Ephesians 4:31-32 Let all bitterness and wrath and anger and clamor and slander be put away from you, along with all malice. Be kind to one another, tenderhearted, forgiving one another, as God in Christ forgave you

Irony Guy
Bountiful, Utah

Imprisoning young boys and turning them into criminals is abusive. Joseph Smith taught, "Feed them, educate them, treat them tenderly." The get-tough crowd (mostly Republicans) don't like that kind of talk.

Rifleman
Salt Lake City, Utah

Re: Irony Guy 12:00 p.m. March 23, 2012
"Imprisoning young boys and turning them into criminals is abusive."

Killing someone is what turns a young boy into a criminal. You are right about one thing: Republicans don't buy into the concept of treating a cold blooded killer "tenderly".

They refer to it as taking personal responsibility for their actions .... and that implies accepting the consequences.

2 bits
Cottonwood Heights, UT

IMO... that all depends on what they did, how they did it, and how they responded after doing it, and if they WANT redemption (which is NOT the same thing as wanting to get out of jail).

"Redemption" and "get out of jail" are two TOTALLY different things in my mind.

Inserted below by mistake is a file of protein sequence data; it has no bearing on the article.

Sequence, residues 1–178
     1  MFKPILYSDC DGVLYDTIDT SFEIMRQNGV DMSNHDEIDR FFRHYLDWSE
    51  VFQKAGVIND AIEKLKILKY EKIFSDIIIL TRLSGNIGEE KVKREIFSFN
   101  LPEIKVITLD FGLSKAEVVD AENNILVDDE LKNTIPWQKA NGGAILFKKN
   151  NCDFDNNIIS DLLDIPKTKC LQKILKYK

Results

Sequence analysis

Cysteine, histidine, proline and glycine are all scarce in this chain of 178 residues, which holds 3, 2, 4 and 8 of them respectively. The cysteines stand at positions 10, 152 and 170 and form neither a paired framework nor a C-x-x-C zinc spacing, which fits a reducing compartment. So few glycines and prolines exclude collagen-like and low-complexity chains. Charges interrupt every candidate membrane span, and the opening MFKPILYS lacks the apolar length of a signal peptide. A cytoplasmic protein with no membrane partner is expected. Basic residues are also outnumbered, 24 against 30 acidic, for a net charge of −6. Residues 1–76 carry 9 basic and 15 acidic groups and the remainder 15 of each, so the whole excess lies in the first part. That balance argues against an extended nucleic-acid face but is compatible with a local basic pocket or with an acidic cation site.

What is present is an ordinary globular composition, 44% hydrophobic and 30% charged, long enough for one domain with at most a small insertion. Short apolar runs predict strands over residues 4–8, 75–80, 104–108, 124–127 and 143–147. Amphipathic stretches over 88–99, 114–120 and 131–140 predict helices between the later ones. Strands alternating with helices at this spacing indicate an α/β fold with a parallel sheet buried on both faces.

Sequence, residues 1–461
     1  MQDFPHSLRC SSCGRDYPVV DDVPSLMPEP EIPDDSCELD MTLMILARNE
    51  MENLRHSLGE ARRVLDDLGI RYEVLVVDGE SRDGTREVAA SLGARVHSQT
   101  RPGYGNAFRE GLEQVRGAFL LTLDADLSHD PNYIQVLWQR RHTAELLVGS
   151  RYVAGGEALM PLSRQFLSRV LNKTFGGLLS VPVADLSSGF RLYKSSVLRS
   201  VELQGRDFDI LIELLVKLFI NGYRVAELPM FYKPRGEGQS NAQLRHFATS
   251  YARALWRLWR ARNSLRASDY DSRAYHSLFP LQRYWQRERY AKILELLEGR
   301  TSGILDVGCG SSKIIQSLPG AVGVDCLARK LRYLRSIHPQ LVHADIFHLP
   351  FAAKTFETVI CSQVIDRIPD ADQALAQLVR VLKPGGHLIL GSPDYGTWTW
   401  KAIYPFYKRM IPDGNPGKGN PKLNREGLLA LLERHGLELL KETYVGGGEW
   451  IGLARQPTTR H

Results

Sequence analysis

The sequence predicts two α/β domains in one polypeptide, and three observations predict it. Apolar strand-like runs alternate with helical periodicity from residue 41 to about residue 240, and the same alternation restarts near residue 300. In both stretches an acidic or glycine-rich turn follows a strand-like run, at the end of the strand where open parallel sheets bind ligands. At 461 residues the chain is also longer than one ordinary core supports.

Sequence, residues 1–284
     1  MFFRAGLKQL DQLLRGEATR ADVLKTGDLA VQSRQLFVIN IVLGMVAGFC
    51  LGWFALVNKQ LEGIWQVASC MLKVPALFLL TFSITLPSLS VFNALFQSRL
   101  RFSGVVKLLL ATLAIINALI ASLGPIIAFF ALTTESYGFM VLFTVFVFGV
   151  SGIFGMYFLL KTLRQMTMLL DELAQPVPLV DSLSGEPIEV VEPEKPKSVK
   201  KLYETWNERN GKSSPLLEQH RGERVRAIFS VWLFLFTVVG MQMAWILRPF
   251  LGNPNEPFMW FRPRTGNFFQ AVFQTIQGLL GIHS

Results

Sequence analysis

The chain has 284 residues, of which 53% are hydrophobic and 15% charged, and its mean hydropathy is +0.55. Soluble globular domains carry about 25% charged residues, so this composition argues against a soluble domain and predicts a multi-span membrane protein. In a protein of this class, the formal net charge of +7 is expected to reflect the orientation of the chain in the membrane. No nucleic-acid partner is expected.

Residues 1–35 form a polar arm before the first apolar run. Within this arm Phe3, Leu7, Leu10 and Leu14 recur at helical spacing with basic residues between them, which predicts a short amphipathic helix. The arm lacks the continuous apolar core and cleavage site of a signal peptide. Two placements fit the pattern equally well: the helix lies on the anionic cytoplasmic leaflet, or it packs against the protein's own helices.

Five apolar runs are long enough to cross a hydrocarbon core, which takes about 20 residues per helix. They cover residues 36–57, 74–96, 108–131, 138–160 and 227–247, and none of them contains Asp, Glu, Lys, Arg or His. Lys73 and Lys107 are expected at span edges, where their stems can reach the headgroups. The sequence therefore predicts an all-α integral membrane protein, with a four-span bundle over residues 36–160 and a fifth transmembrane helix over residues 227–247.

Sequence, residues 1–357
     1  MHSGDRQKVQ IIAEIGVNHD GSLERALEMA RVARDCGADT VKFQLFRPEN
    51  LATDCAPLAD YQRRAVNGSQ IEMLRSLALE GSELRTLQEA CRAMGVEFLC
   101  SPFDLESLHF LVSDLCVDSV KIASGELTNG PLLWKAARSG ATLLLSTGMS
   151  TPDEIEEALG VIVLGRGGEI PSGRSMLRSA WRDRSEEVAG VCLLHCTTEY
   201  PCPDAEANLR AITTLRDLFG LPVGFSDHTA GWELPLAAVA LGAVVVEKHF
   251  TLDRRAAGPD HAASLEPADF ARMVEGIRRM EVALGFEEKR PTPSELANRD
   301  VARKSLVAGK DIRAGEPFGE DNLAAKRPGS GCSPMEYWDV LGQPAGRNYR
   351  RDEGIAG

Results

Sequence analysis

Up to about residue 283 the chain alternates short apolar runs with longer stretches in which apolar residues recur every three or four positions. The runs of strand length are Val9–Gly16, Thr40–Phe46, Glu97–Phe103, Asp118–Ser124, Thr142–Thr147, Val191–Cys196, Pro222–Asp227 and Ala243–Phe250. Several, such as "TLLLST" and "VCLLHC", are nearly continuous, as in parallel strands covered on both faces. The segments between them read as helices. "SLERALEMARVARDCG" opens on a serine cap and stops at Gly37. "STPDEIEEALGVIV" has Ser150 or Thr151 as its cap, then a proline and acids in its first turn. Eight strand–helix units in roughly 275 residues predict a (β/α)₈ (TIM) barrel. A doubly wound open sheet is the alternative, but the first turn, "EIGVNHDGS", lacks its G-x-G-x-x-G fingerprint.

John Charity Spring
Back Home in Davis County, UT

Esquire has raised an excellent point. There is something seriously wrong with a society which churns out juvenile delinquents like there is no tomorrow. Such a society must be reformed.

Our society is raising young people in a way that leads to criminal behavior. Children are raised by parents who are too busy to do anything other than have their kids play violent, sexually explicit video games. The kids only take a break from these games to watch equally violent/explicit movies and listen to similar music.

What is even worse is that when these juveniles commit violent crime, they are treated with softness and indulgence. Despite being crimials, these kids are smart and they figure they might as well keep doing what they are doing because they won't be punished.

Lastly, locking violent juveniles up is not and act of revenge, it is an act of protecting society. Citizens should be able to live in peace without being raped or murdered by violent juveniles who should be locked up.

Gildas
LOGAN, UT

@VIDAR

The emotions, vices and virtues you cite(forgiveness, bitterness, wrath, anger, clamor, slander and malice) have nothing to do with why a killer might be executed.